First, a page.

Month: January 2010

They’re dynamic, and they’re a duo, but they don’t do spandex

Unfortunately I am neither a Dr. Pepper-fueled writing machine nor a ninja cyborg, but fortunately they both have blogs so I can read all about them and live vicariously through their success!

(And when I say “all about them,” I mean ALL about them. Over the last few weeks, I’ve read their entire archives, or about 1,000 posts between the two of them. Yeah, productive, I know.)

Seriously, BFFs Kiersten White and Natalie Whipple are the awesome-est. Like, I should just delete my blog now because it will never live up to how funny and talented and wise they are. (But I’m not gonna do that, because I like my blog. Good blog. Pat pat.) Both Kiersten and Natalie write YA, but their advice is applicable to writers of any genre. I won’t link to ALL the posts that I favorited from their blogs, but here are a couple gems from each:

“The Weight of Words”

I feel as though I carry around the weight of all of my words, books written and unwritten, edited and unedited. Some days it’s overwhelming. And some days there is nothing better than being the shepherd of words, guiding my little flock of nouns and verbs to become characters, actions, stories.

I love these words, this mess and mass of meaning. Because just as often as I carry them, they seem to carry me.

“Ideas”

Many aspiring writers have this belief that there is an idea out there. Not just an idea–THE Idea. The Idea that, if they just found it, would be the key to everything. Things would magically fall into place. Agents would call, sobbing, begging to represent them. Publishers would trip over themselves to buy it.

The Idea is everything. Find it, and you are set.

You really want to be a writer? Your Idea isn’t going to sell. Your WORK is going to sell.

“Some Musings on Subjectivity”

I think we as writers sometimes focus too much on the “magic formula.” We want everyone to like us, which is totally impossible. And we want so badly just to be told what to do to get published, how to become a best-seller, and on and on that we lose sight of how awesome subjectivity really is.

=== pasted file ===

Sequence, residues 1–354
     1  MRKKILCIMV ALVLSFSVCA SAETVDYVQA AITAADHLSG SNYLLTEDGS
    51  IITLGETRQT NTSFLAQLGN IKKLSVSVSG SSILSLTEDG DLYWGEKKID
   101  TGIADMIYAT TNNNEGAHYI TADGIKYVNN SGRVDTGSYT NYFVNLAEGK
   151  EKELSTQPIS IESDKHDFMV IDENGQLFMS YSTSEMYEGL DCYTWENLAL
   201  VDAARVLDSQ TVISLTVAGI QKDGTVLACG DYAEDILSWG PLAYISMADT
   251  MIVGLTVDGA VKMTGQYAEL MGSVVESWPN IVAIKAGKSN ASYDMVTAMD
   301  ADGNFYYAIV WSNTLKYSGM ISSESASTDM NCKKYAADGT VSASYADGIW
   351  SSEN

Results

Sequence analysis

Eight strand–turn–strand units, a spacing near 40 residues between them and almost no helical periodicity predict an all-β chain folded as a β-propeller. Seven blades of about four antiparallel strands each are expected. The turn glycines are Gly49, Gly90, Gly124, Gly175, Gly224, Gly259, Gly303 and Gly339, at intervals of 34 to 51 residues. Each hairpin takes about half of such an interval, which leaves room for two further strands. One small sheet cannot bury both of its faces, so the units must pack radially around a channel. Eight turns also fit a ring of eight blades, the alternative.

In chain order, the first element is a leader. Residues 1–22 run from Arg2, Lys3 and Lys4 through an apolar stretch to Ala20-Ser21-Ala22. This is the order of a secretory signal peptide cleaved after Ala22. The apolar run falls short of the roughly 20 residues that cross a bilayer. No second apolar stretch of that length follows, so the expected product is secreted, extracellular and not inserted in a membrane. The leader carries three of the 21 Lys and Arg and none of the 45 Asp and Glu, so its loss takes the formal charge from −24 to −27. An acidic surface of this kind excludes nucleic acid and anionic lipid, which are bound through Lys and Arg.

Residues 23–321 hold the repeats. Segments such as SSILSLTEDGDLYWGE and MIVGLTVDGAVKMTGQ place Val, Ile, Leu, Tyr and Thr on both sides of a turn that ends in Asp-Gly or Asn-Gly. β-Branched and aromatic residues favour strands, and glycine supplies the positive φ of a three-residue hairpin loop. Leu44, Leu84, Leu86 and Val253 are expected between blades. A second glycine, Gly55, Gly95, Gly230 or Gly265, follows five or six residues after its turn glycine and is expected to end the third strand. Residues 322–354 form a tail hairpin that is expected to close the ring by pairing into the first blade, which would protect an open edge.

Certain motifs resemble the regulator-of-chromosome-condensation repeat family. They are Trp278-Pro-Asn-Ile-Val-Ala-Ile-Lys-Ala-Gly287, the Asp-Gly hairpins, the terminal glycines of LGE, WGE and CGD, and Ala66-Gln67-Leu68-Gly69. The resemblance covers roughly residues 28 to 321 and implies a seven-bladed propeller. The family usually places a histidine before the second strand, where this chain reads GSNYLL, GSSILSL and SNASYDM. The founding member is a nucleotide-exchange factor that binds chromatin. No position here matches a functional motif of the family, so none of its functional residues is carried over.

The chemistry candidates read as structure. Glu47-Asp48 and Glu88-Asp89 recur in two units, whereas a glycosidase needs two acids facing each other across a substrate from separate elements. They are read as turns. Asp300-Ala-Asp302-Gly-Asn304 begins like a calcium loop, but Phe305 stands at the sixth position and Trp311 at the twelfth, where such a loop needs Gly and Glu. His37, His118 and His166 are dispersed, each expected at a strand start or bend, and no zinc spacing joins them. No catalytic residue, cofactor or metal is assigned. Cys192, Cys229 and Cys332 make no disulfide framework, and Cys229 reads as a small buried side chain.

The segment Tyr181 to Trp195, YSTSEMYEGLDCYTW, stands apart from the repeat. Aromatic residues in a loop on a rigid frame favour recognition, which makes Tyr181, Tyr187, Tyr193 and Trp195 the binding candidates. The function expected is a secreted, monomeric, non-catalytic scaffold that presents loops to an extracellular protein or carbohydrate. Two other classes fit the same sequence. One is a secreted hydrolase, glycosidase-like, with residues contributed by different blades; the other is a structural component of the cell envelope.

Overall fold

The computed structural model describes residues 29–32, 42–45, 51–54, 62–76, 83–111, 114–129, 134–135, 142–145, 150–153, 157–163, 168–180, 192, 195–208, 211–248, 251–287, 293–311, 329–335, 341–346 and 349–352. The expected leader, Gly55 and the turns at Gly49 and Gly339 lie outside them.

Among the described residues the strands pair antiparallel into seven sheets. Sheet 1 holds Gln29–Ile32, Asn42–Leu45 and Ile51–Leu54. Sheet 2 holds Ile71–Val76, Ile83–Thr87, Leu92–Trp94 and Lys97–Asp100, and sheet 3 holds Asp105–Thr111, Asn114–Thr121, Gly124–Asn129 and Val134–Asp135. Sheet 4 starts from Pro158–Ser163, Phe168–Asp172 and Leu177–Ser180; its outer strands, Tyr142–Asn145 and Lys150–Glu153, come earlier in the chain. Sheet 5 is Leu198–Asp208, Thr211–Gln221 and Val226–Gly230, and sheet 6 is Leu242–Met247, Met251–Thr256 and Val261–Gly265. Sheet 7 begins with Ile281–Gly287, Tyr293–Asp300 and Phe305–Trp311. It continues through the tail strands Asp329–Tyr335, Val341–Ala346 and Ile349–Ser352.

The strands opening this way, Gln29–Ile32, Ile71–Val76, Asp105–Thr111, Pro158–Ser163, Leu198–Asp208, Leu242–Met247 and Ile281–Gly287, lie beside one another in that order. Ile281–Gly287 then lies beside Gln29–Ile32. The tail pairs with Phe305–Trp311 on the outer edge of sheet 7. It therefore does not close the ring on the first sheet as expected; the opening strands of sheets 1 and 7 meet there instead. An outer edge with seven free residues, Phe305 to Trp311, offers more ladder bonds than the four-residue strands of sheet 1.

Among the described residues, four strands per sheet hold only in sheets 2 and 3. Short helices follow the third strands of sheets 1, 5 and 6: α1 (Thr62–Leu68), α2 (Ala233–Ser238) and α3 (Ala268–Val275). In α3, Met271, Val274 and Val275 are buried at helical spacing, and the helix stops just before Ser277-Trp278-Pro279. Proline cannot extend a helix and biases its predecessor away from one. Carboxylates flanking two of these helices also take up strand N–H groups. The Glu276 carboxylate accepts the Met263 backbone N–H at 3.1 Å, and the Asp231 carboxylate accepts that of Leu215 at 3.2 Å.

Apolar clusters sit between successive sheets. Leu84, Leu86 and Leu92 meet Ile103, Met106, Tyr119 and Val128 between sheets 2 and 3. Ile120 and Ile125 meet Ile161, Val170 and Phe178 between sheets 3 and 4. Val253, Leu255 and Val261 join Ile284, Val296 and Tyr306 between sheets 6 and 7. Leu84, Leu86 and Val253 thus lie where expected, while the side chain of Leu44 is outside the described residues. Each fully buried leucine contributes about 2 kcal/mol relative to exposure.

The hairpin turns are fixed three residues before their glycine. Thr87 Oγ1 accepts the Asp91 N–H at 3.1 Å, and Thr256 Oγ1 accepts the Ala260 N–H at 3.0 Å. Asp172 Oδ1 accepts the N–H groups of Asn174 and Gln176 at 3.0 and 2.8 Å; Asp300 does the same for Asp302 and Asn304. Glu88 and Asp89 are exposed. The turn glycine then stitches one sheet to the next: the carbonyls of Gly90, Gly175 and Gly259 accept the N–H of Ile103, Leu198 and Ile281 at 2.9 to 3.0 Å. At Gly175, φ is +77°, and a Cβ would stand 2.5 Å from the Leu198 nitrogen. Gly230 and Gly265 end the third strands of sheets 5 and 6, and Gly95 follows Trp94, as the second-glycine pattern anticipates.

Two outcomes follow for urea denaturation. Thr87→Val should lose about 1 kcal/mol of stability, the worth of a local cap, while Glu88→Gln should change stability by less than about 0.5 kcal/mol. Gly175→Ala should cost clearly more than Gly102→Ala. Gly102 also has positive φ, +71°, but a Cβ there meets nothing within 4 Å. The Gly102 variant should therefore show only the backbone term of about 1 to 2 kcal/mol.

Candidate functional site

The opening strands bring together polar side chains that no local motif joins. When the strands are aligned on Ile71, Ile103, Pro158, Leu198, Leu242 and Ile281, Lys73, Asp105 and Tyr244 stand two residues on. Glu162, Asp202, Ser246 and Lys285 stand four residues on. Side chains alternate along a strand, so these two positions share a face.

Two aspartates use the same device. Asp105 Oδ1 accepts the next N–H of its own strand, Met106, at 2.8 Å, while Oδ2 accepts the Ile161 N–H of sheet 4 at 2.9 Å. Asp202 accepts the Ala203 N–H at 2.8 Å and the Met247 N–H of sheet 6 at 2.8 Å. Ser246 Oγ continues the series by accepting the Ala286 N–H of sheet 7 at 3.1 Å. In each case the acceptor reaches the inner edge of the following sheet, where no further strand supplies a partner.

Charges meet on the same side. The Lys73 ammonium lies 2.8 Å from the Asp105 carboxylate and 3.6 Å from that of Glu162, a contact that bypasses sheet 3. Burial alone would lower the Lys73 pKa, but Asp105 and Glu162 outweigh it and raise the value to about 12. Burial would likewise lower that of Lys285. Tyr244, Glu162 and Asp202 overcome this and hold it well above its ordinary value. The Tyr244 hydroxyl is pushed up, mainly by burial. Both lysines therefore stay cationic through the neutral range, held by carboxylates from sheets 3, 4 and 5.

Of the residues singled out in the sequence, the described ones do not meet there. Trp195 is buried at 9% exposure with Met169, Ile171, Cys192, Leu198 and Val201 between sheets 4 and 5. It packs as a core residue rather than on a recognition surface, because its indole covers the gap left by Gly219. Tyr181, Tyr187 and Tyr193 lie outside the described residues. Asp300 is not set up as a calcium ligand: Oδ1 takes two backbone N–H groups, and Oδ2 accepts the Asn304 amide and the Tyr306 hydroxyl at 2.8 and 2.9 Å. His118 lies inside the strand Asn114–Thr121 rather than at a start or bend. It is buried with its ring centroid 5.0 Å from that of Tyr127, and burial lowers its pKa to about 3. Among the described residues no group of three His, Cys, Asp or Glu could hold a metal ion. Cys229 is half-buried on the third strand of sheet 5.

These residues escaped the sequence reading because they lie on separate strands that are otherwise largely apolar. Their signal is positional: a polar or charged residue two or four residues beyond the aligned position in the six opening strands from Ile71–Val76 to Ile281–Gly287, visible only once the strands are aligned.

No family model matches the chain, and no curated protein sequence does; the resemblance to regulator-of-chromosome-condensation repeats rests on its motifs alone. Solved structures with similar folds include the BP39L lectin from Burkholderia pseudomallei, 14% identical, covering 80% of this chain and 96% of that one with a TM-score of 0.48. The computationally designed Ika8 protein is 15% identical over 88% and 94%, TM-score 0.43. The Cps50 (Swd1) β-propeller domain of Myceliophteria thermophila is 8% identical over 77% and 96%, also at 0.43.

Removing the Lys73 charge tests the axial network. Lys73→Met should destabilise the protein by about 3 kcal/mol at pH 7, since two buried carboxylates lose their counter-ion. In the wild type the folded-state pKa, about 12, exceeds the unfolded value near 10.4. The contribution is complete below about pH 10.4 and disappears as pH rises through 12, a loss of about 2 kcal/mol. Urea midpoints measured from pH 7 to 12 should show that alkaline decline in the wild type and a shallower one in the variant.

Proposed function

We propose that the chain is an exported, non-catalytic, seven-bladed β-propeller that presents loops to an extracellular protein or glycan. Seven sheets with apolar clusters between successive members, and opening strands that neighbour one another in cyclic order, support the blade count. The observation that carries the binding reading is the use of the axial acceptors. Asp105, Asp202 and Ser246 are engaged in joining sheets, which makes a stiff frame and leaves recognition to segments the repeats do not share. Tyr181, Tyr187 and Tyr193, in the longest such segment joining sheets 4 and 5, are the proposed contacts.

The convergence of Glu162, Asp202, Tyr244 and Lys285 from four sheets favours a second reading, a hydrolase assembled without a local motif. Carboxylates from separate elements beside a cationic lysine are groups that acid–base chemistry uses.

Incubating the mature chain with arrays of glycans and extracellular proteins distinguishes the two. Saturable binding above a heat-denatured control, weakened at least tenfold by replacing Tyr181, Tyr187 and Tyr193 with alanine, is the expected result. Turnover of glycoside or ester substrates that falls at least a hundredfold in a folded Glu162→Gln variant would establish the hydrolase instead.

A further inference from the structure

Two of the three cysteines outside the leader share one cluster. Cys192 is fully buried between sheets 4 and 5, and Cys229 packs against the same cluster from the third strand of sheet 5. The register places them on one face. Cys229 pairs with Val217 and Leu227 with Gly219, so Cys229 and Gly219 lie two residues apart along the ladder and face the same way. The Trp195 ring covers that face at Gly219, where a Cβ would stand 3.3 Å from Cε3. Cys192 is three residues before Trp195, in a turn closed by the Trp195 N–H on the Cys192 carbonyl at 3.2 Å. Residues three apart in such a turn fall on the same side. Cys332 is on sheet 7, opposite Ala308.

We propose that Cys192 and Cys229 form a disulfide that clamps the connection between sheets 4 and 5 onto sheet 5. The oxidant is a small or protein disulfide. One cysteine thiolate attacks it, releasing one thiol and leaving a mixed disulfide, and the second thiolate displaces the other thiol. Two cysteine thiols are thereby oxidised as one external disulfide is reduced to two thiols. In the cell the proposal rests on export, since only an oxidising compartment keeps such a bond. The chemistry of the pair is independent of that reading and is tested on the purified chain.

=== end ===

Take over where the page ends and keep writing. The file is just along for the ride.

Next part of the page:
Here’s why: Subjectivity means there is a place for you, or several, if you so chose.

“Energizer Bunny”

If there’s one thing I’ve learned about writing and attempting to publish, it would be how much stamina it takes to push through. See, it’s not “Oh, I tried once and failed, so it’s over.” It’s trying. A perpetual state of TRYING. Trying to find a good idea. Trying to finish that WIP. Trying to get all the revisions right. Trying to get an agent. Trying to get a book deal. Trying to get readers. Trying to write a sequel. Trying not to go insane. Try, try, try.

It’s exhausting. It really is—there’s no way to sugar coat it. It’s like running a marathon, but you don’t know how long you have left.

See, awesome? Now go enter Natalie’s contest, and/or her agent Nathan Bransford’s contest. Yes, that’s right, Natalie is represented by THE rockstar agent Nate B. And Kiersten’s debut book (1 of 3) is coming out in Sept 2010. What’s that? AWE. SOME.

Writing transforms

A few days ago NPR did a story on “How E-Books Will Change Reading and Writing.” I don’t think I’ll ever attempt a Twitter novel or a cell phone book (um, I can barely text “hi how r u?”) but I agree that technology is affecting the way people think, and thus how we read and write. Actually, Twenty-Somewhere was partly an experiment to tap into that — could I write short, fun episodes for the web? I could, and I did. But I’m glad to say that 20SW turned into something much more, at least for me.

20SW reminded me that writing should always, always be fun. If I’m not laughing along with my characters, or naming inanimate objects after them (my iPod Touch is Reggie!), then how can I expect readers to enjoy them or care?

20SW helped me realize that right now, I am more in tune with and affected by issues that people face in their teens and twenties. There’s so much that happens during those years, good and bad. I’ve always thought it was a pivotal time (hello, being an RA?) so why not use my writing to convey that?

Best of all, 20SW became a way for me to connect with people. One friend emailed me to say she’d absolutely cracked up at my jokes (which was a great boost to my self-confidence ’cause I’m not that funny of a person). One friend chatted with me about how to make certain aspects of the story more believable. My mom told me she thought 20SW was the best writing I’d done (at least that she’d read). Lots of people just nagged me (in the best possible sense of the word) to put up more episodes already. (Sorry!)

Each of these interactions really enriched the process of writing 20SW for me, and brought me closer to people in a way that I definitely didn’t expect. Maybe those people didn’t all feel the same way, but I know for a fact that a couple of them did. That more than anything else makes 20SW special to me.

Technology might be changing the way we read and write, but as long as reading and writing still have the power to change us, I think we’ll be okay.

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Happy New Year, y’all!

I genuinely hope 2010 rocks your socks.

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